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Blood. 2014 Jan 2;123(1):61-9. doi: 10.1182/blood-2013-08-521229. Epub 2013 Oct 25.

Simultaneous zinc-finger nuclease editing of the HIV coreceptors ccr5 and cxcr4 protects CD4+ T cells from HIV-1 infection.

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Department of Microbiology, University of Pennsylvania School of Medicine, Philadelphia, PA;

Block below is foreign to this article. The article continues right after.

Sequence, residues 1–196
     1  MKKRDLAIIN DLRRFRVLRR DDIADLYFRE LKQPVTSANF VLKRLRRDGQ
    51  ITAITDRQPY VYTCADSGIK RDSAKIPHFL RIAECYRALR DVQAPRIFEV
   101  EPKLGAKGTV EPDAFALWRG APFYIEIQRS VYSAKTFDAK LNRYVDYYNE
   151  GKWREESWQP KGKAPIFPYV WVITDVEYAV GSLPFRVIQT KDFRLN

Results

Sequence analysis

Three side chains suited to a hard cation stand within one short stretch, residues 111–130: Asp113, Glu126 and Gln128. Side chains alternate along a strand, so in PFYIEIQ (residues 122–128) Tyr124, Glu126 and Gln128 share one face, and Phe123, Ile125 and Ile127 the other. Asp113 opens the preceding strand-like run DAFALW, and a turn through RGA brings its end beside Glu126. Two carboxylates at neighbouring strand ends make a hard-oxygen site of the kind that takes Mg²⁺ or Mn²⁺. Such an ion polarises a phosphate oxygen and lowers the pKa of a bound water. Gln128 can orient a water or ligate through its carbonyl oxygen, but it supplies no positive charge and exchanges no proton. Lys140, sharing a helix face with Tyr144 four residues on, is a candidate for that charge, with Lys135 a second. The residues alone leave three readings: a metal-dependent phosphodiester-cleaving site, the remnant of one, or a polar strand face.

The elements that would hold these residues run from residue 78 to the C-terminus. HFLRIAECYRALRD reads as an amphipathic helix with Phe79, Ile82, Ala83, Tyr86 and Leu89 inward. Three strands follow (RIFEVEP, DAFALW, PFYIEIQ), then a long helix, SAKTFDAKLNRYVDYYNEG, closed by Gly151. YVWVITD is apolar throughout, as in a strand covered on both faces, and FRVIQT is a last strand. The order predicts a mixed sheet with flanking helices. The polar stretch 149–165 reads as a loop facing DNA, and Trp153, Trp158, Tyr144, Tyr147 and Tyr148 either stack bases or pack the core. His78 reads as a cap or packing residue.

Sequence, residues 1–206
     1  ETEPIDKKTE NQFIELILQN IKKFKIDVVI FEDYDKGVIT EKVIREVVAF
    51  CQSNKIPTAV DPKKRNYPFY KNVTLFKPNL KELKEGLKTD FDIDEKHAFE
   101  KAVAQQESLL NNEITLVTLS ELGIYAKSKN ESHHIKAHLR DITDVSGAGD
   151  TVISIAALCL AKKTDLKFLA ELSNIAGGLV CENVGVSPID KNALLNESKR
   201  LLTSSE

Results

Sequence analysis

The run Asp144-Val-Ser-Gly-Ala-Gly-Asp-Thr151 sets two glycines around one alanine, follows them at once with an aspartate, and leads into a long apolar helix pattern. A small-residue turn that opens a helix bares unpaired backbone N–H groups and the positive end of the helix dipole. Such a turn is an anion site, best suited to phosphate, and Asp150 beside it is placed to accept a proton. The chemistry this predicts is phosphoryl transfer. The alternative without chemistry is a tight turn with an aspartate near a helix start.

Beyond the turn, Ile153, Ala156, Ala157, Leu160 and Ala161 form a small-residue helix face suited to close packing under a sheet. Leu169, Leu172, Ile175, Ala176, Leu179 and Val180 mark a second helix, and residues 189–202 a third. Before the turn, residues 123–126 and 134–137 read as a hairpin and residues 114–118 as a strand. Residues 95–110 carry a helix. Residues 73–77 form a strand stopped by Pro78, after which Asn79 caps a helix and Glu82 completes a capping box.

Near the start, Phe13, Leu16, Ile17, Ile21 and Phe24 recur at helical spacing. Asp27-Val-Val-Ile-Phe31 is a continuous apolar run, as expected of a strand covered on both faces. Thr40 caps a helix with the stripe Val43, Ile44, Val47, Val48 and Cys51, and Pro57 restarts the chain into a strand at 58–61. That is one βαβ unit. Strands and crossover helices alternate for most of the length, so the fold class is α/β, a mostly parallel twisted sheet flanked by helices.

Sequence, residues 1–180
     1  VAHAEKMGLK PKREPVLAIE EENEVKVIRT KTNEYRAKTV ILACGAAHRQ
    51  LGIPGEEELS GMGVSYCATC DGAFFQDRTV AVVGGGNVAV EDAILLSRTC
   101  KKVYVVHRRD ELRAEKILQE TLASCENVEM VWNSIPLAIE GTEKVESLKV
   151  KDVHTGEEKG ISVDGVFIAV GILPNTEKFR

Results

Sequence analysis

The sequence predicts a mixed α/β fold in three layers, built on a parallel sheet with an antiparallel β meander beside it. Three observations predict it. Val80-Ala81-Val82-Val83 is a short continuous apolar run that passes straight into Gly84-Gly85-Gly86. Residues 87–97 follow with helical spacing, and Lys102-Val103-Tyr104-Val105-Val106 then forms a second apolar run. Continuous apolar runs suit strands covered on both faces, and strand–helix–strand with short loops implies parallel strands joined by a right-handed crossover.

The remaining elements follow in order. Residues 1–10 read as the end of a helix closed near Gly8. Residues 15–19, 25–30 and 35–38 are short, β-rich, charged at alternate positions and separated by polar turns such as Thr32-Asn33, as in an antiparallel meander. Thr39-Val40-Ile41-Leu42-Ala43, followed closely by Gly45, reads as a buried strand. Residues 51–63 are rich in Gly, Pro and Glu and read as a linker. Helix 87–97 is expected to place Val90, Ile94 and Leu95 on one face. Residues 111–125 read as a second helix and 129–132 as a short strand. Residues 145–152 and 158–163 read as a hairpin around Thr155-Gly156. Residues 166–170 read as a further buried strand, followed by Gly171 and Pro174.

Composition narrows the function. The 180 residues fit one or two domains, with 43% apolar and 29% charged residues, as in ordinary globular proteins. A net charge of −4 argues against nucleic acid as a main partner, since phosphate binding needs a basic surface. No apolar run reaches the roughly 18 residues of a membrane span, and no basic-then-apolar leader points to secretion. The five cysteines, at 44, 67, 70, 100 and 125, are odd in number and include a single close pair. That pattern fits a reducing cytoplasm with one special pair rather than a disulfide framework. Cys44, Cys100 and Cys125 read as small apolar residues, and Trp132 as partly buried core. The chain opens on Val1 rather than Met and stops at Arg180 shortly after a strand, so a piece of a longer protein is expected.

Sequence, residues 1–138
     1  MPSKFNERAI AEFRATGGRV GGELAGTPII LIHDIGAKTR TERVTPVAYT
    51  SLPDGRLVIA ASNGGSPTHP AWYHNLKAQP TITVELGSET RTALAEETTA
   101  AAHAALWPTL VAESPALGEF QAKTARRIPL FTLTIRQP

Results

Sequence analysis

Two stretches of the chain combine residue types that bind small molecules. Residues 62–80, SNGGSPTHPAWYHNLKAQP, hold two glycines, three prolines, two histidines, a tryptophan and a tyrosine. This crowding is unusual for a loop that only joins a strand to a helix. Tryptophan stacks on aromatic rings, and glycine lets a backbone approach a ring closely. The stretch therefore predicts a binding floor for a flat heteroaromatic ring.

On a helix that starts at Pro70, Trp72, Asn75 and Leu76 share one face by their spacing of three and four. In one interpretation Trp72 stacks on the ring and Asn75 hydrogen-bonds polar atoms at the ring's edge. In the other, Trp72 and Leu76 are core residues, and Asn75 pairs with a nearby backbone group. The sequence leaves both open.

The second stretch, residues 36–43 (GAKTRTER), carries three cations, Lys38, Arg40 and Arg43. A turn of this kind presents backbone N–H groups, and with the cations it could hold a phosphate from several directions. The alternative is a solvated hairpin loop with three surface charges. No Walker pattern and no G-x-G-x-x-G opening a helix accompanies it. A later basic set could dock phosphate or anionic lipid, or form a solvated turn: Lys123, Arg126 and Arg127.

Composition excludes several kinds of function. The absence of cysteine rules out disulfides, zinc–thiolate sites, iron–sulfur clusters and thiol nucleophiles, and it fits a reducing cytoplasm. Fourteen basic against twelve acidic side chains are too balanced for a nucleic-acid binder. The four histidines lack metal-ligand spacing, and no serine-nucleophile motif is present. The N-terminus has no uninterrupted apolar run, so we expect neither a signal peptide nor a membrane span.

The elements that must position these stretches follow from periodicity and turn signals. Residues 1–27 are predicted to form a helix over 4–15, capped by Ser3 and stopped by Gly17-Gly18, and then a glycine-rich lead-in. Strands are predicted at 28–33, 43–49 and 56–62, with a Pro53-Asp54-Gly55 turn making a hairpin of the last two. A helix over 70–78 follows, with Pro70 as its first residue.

HIV-1 entry into CD4(+) T cells requires binding of the virus to CD4 followed by engagement of either the C-C chemokine receptor 5 (CCR5) or C-X-C chemokine receptor 4 (CXCR4) coreceptor. Pharmacologic blockade or genetic inactivation of either coreceptor protects cells from infection by viruses that exclusively use the targeted coreceptor. We have used zinc-finger nucleases to drive the simultaneous genetic modification of both ccr5 and cxcr4 in primary human CD4(+) T cells. These gene-modified cells proliferated normally and were resistant to both CCR5- and CXCR4-using HIV-1 in vitro. When introduced into a humanized mouse model of HIV-1 infection, these coreceptor negative cells engraft and traffic normally, and are protected from infection with CCR5- and CXCR4-using HIV-1 strains. These data suggest that simultaneous disruption of the HIV coreceptors may provide a useful approach for the long-term, drug-free treatment of established HIV-1 infections.

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